In countless communities, parking is tight and battles are plenty for associations when it comes to regulating parking in a fair and reasonable manner.  Many associations contract with towing companies to assist with parking enforcement.  In many situations, the towing company is given a blanket authorization to tow if vehicles are parked in violation of the association’s rules or covenants, without requiring the towing company to get specific authorization from the association for each particular tow. 

In such cases, towing companies are regulated by rules set forth in the Colorado Code of Regulations.  There is language in the current rules that implies that each individual tow must still be authorized by an individual or individuals authorized to do so by the association (such as the manager or a board member), which would prevent towing companies from legally towing vehicles under a blanket authorization.   However, the rules are not entirely clear.

The Colorado Department of Regulatory Agencies (DORA) recently published proposed revisions to the rules regulating the towing of motor vehicles, seeking comment and input.  The proposed rules remove language allowing towing carriers to act as agents for associations, and allow towing carriers to tow if requested to do so upon the authorization of the property owner, which is defined to include the owner of the property or a person who has been authorized in writing to act as agent for the property owner.  That authorized person could be, therefore, a board member or the manager.   Does this clarify that each individual tow must be separately authorized?

One important change in the proposed rules that is clear, however, is a new provision that would require signs be erected on the property advising people that illegally parked vehicles are subject to tow.  Without such signs, a towing carrier cannot tow, even with the authorization of the association.

4 responses to “Proposed Changes to Rules Towing Regulations
  1. Tough one. Not representing my company opinion, personal one here; I am not if favor of the blanket towing, believing that an owner or authorized agent should make the call/decision on a violation. Other than the towing company, others are not financially motivated to tow, and will focus on the needs and balances of rule enforcement and reasonableness. While I believe signage additions would be good for clarity, ie. visitors to a community do not have the rule sets, I don’t believe mandating the signs or towing can’t be done is a good way to go either. Again, over zealous actions cause the many to pay for the few.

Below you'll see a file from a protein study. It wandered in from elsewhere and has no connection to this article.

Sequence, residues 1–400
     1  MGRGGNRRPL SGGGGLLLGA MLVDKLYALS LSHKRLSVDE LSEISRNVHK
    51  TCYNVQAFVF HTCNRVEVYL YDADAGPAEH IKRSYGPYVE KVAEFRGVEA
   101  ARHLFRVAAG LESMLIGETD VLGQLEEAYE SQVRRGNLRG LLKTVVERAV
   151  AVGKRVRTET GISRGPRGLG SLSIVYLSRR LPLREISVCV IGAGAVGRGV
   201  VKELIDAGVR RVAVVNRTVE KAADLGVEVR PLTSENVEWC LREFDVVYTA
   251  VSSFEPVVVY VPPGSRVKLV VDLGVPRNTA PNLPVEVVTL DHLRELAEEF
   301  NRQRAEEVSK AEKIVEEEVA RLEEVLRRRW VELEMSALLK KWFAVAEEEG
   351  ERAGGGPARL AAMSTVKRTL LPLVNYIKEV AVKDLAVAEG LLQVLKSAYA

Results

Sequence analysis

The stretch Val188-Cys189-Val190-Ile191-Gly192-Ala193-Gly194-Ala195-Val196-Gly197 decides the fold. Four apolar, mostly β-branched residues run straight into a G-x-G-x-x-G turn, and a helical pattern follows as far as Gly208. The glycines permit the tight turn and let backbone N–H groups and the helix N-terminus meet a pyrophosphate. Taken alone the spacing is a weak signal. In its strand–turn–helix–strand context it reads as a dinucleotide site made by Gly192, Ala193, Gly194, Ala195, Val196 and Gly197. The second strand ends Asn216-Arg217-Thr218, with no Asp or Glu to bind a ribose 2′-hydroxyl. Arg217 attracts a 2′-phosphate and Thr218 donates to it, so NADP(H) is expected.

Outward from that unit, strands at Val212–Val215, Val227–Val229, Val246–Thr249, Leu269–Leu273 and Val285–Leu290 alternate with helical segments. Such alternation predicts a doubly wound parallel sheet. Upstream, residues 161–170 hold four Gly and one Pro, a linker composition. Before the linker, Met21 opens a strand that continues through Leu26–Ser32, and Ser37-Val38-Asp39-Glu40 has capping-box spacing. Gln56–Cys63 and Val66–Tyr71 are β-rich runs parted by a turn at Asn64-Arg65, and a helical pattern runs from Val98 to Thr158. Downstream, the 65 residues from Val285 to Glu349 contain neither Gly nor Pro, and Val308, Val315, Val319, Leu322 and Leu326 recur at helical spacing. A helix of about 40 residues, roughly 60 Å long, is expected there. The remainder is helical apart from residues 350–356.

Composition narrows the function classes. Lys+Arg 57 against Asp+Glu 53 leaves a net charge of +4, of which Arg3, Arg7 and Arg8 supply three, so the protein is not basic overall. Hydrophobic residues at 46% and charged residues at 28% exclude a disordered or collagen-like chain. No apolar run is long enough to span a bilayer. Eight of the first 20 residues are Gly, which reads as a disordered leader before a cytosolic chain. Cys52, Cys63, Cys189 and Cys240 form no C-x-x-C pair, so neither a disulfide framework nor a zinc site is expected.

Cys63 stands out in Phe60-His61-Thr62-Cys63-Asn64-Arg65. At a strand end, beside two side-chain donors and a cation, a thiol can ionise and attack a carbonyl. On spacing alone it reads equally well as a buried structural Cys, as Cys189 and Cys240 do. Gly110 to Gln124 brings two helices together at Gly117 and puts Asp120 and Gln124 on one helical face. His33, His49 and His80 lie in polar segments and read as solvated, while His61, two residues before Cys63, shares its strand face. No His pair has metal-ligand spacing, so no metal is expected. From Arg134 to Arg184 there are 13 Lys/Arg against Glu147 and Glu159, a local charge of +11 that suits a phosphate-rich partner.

2. Do I write to DORA or the state legislature to comment on the proposed revisions? We have firelanes being blocked at all hours of the night that we can’t solve in any cost-effective or reliable manner without giving a towing company blanket authority. We can’t hire someone 24/7 to watch and no one on the board wants to be called at 3:00 AM. People know we can’t patrol so that is when they park there. It is definitely a safety issue in our case.
  3. Board Members often fear retaliation particularly in smaller communities where everyone can see who signs the authorization. Violators need to be towed and that fear is removed when the towing company removes the vehicle. The violators stop after they’ve been towed.
  4. It is important that a Board governing HOA’s be given an avenue to help maintain order no matter what time of the day or night. Appointing a towing company to patrol HOA complexes is a service to all those living in the complex. If someone blocks an emergency entrance at 3 AM in the morning and an emergency happens it can be the difference between of life and death. I would hope that the State of Colorado understands the importance of just this type of service.
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